The Ezra Klein Show: Sex, Abortion and Feminism, as Seen From the Right

New York Times Opinion New York Times Opinion 5/31/22 - Episode Page

For decades, the conservative position on abortion has been simple: Appoint justices who will overturn Roe V. Wade. That aspiration is now likely to become reality. The question of abortion rights will re-enter the realm of electoral politics in a way it hasn’t for 50 years. And that means Republicans will need to develop a new politics of abortion — a politics that may appeal not only to their anti-abortion base but to some of the many Americans who believe Roe should stand.

One place those Republicans may look for inspiration is to the work of the legal scholar Erika Bachiochi. She is a fellow at the Ethics and Public Policy Center, director of the Wollstonecraft Project at the Abigail Adams Institute and the author of “The Rights of Women: Reclaiming a Lost Vision,” where she argues for a “dignitarian feminism.” Bachiochi embraces women’s gains in professional and civic life but holds that techno-pharmacological birth control, the sexual revolution and the legalization of abortion have created a sexual and family culture that has ultimately been devastating to women’s well-being.

In hopes of improving that status quo, Bachiochi puts forward a policy agenda that could very well become the post-Roe playbook for some Republicans: tighter abortion restrictions combined with a robust slate of family policies — some of which would be even bolder than the Biden administration’s proposals to date. Hers is not an argument I agree with, but it’s one that I imagine will become increasingly salient in a post-Roe America.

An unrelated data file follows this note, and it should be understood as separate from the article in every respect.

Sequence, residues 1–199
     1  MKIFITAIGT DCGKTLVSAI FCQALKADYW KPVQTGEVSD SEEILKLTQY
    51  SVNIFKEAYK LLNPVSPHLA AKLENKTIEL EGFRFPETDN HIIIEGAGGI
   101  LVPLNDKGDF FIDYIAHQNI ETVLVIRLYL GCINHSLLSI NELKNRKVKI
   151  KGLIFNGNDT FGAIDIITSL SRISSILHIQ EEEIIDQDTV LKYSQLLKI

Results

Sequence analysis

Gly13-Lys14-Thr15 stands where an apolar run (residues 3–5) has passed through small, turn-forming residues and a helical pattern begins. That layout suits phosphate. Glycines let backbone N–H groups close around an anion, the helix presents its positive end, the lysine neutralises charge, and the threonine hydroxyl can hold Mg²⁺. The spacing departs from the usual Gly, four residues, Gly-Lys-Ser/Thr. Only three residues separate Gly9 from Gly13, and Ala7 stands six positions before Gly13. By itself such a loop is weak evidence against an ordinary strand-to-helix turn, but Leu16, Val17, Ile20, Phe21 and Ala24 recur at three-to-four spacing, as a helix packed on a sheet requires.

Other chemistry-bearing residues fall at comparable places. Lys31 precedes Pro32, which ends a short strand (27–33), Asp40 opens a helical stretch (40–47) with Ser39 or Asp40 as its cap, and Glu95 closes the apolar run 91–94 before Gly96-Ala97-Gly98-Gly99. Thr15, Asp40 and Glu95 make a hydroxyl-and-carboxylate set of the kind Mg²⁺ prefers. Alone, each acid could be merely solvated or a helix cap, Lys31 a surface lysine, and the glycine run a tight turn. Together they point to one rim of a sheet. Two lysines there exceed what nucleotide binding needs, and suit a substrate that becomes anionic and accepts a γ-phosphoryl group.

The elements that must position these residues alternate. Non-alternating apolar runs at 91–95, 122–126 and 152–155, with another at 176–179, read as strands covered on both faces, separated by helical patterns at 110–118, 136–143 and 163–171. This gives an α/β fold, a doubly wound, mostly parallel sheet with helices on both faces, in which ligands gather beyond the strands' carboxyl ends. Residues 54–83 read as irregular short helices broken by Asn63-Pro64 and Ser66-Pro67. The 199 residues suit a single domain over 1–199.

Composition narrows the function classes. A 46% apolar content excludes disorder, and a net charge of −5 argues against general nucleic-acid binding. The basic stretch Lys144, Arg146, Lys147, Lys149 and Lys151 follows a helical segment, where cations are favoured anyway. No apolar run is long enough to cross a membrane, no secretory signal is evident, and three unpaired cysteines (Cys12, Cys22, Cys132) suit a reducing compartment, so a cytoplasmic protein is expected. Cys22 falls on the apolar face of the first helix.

In the third episode of our series “The Rising Right,” we discuss Bachiochi’s views on why the “gender revolution” has stalled; her belief that market logic has come to dominate our understandings of family, parenting, sex and feminism; her critique of modern “hookup” culture; and her pro-family economic agenda. And we debate whether it’s realistic to encourage the use of natural fertility regulation over hormonal contraception, how abortion relates to single motherhood and poverty, whether stricter abortion laws might benefit or hurt poor women, what role the law should play in teaching moral behavior, whether progressives have become too “Lockean” in their understanding of bodily autonomy, whether the sexual revolution gave people too much choice and more.


Defenders of the Unborn by Daniel K. Williams

Generation Unbound by Isabel V. Sawhill

Equal Rights, Equal Wrongs” by Christopher Kaczor

Book recommendations:

Rights Talk by Mary Ann Glendon

Feminism Without Illusions by Elizabeth Fox-Genovese

Public Man, Private Woman by Jean Bethke Elshtain

Thoughts? Guest suggestions? Email us at

You can find transcripts (posted midday) and more episodes of “The Ezra Klein Show” at, and you can find Ezra on Twitter @ezraklein. Book recommendations from all our guests are listed at

“The Ezra Klein Show” is produced by Annie Galvin, Jeff Geld and Rogé Karma; fact-checking by Kate Sinclair, Mary Marge Locker and Michelle Harris; original music by Isaac Jones; mixing and engineering by Jeff Geld; audience strategy by Shannon Busta. Our executive producer is Irene Noguchi. Special thanks to Kristin Lin and Kristina Samulewski.